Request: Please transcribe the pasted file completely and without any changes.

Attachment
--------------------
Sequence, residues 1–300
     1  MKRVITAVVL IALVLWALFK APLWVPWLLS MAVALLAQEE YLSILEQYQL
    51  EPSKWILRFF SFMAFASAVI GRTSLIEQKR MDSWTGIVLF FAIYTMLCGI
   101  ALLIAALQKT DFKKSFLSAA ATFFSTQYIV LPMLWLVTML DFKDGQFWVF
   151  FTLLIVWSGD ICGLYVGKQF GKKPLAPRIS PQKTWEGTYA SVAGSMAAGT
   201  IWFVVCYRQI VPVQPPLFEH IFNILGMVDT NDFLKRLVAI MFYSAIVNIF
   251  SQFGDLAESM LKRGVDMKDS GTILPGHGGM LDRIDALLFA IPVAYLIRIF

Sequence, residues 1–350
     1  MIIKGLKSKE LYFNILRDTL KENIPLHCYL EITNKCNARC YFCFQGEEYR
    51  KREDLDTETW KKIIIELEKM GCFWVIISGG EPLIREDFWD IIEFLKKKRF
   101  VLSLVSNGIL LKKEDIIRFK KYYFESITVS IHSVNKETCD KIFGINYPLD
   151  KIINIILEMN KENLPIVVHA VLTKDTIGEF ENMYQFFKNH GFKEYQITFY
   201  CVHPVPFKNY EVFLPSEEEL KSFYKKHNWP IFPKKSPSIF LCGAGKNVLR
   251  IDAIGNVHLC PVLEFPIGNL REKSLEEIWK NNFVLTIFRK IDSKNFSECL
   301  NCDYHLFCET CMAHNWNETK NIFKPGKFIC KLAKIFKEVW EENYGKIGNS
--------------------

Sequence, residues 1–300
     1  MKRVITAVVL IALVLWALFK APLWVPWLLS MAVALLAQEE YLSILEQYQL
    51  EPSKWILRFF SFMAFASAVI GRTSLIEQKR MDSWTGIVLF FAIYTMLCGI
   101  ALLIAALQKT DFKKSFLSAA ATFFSTQYIV LPMLWLVTML DFKDGQFWVF
   151  FTLLIVWSGD ICGLYVGKQF GKKPLAPRIS PQKTWEGTYA SVAGSMAAGT
   201  IWFVVCYRQI VPVQPPLFEH IFNILGMVDT NDFLKRLVAI MFYSAIVNIF
   251  SQFGDLAESM LKRGVDMKDS GTILPGHGGM LDRIDALLFA IPVAYLIRIF

Sequence, residues 1–350
     1  MIIKGLKSKE LYFNILRDTL KENIPLHCYL EITNKCNARC YFCFQGEEYR
    51  KREDLDTETW KKIIIELEKM GCFWVIISGG EPLIREDFWD IIEFLKKKRF
   101  VLSLVSNGIL LKKEDIIRFK KYYFESITVS IHSVNKETCD KIFGINYPLD
   151  KIINIILEMN KENLPIVVHA VLTKDTIGEF ENMYQFFKNH GFKEYQITFY
   201  CVHPVPFKNY EVFLPSEEEL KSFYKKHNWP IFPKKSPSIF LCGAGKNVLR
   251  IDAIGNVHLC PVLEFPIGNL REKSLEEIWK NNFVLTIFRK IDSKNFSECL
   301  NCDYHLFCET CMAHNWNETK NIFKPGKFIC KLAKIFKEVW EENYGKIGNS